Chris Anderson's 'Free' appears to borrow freely from Wikipedia and other sources
Late Tuesday, the Virginia Quarterly Review posted startlingly similar passages from Chris Anderson's new book "Free" and several Wikipedia entries. Language common to both was highlighted in bright yellow. "Chris Anderson's 'Free' Contains Apparent Plagiarism," Web editor Waldo Jaquith wrote.
The common passages -- which include definitions for the phrases "Free Lunch," "There Ain't No Such Thing as a Free Lunch" and "Learning Curve" -- appear without attribution within the text. The book has no footnotes or endnotes.
The VQR also saw similarities between "Free" and a book excerpted on the website of the New York monthly the Brooklyn Rail, as well as on an archive of an old bbs. Other careful Googlers have found at least two additional samples of text in Anderson's book that seem to match online resources.
Anderson responded to an inquiry from the VQR by e-mail.
"All those are my screwups after we decided not to run notes as planned, due to my inability to find a good citation format for web sources," he wrote.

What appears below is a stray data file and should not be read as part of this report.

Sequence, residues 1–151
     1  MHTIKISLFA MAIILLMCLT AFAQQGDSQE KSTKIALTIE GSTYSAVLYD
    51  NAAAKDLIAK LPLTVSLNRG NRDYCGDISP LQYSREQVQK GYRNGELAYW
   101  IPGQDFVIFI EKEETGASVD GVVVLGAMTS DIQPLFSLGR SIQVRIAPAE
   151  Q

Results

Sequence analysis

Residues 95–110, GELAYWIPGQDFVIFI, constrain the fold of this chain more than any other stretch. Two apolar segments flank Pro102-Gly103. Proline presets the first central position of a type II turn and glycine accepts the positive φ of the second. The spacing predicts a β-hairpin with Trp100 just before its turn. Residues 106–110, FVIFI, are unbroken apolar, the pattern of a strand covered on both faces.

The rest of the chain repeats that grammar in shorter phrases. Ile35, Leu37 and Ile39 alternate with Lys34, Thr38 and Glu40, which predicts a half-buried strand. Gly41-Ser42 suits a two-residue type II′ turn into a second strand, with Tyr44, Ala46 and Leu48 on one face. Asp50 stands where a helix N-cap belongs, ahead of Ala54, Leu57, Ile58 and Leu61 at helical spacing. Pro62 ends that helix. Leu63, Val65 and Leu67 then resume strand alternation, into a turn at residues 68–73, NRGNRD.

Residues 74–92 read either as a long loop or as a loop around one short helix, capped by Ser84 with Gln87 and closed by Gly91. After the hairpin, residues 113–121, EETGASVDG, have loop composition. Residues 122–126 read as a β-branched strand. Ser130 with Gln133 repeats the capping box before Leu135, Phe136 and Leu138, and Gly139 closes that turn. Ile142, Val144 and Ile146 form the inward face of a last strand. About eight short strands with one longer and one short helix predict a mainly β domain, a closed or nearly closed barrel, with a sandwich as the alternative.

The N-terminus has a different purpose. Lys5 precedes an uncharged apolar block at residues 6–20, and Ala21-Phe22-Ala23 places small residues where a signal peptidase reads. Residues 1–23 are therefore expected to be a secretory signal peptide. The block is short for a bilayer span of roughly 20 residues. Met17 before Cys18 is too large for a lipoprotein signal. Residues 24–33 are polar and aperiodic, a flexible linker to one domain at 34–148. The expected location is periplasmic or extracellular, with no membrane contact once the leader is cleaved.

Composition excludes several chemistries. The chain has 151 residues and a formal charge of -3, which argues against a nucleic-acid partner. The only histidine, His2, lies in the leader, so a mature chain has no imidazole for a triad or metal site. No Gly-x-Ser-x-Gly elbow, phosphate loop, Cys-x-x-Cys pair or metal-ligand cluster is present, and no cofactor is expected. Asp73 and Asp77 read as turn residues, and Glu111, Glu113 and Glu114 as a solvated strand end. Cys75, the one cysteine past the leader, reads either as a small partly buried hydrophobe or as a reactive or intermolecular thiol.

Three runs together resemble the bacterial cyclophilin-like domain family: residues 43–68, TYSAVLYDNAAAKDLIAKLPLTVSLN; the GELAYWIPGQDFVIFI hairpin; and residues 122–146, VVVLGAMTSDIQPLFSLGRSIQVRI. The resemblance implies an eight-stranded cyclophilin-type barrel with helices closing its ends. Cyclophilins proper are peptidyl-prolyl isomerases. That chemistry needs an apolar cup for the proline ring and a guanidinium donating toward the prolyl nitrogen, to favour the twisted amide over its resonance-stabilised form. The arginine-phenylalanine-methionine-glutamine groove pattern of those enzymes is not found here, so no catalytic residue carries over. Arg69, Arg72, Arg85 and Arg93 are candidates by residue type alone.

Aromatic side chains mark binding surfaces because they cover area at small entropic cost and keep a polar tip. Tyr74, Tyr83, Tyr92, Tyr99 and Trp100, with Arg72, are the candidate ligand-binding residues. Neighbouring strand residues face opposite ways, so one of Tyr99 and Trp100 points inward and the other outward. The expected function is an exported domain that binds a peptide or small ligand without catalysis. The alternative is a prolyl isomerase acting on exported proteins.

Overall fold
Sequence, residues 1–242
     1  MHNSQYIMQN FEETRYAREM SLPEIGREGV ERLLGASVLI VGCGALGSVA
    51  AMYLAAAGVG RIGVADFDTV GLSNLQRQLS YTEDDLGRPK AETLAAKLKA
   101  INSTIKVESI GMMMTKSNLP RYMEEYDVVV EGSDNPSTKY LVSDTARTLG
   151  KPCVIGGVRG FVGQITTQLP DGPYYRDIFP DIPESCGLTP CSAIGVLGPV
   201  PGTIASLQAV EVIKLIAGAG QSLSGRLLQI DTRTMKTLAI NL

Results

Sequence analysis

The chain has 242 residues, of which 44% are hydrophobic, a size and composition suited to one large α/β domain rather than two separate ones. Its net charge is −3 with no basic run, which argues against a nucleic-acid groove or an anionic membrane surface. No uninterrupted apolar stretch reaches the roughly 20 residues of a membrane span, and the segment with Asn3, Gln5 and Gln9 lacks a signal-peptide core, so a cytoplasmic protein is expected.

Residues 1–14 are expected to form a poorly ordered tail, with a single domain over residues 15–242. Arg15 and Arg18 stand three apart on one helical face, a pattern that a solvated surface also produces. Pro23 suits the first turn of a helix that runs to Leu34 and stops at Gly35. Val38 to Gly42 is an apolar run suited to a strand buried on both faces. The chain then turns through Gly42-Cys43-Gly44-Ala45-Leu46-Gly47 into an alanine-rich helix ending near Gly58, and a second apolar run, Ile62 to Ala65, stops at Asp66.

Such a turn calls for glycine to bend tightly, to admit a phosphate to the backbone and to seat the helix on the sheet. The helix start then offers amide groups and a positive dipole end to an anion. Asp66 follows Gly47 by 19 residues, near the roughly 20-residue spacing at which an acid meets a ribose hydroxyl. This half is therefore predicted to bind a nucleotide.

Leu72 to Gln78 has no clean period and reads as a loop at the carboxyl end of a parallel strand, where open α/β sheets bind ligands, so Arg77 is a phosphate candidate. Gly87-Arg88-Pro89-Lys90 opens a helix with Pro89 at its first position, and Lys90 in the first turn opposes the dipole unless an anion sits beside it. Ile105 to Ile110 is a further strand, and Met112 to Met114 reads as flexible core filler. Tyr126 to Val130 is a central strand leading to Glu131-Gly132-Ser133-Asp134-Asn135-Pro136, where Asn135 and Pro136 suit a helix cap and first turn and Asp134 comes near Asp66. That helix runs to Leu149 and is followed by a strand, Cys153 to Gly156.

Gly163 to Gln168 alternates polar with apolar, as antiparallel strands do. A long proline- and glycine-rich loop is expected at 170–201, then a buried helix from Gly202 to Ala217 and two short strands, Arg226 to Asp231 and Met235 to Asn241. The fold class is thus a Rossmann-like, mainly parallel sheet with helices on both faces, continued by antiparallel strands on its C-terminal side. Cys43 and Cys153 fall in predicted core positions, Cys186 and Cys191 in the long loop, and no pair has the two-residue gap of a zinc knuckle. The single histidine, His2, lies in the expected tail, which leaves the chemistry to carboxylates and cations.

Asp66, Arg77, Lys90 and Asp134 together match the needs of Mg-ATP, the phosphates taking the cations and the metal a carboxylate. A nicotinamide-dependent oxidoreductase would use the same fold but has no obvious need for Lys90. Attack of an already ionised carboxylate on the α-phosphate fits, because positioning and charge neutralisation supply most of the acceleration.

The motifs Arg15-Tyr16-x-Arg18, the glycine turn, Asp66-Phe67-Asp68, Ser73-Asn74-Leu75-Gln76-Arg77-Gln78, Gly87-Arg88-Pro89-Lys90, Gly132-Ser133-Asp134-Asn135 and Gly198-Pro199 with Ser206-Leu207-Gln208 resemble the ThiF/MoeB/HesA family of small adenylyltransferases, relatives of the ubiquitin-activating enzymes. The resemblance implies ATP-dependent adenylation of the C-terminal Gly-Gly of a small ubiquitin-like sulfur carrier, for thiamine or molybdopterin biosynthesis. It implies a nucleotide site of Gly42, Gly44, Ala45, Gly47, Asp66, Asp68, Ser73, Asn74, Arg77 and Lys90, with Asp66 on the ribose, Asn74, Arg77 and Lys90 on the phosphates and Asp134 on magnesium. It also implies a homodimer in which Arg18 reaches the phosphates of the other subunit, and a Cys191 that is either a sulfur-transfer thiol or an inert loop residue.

As citations for Web sources have been established for some time, this seems an odd explanation from Anderson, who is no publishing novice. His previous book, "The Long Tail," was a bestseller, and he is currently editor in chief of Wired magazine.
The book's publisher, Hyperion, sent a note to VQR, which it posted at the end of the day.
We are completely satisfied with Chris Anderson’s response. It was an unfortunate mistake, and we are working with the author to correct these errors both in the electronic edition before it posts and in all future editions of the book.
The lack of attribution may indeed have been a combination of mistake and lack of oversight. But as one commenter on Gawker lamented, "Can't decide which is more embarrassing -- failing to cite Wikipedia as a source or using Wikipedia as a source."
Wikipedia is one of the resources Anderson lauds -- in "The Long Tail," he called it a phenomenon. In this one, he writes, "there is the amazing 'gift economy' of Wikipedia," later explaining, "Wikipedia makes no money at all, but because an incomparable information resource is now available to all at no cost, our own ability to make money armed with more knowledge is improved."
The whole point of Anderson's "Free: The Past and Future of a Radical Price" is to explore what he calls "the paradox of Free," in which "people are making lots of money and charging nothing."
Anderson's hardcover costs $26.99. Wikipedia is still free.
And within hours, Anderson's Wikipedia's entry had been updated -- with attribution -- to reflect the charges of plagiarism. Updates to "Free" are expected to take a while. Which proves Anderson's point -- I think.
-- Carolyn Kellogg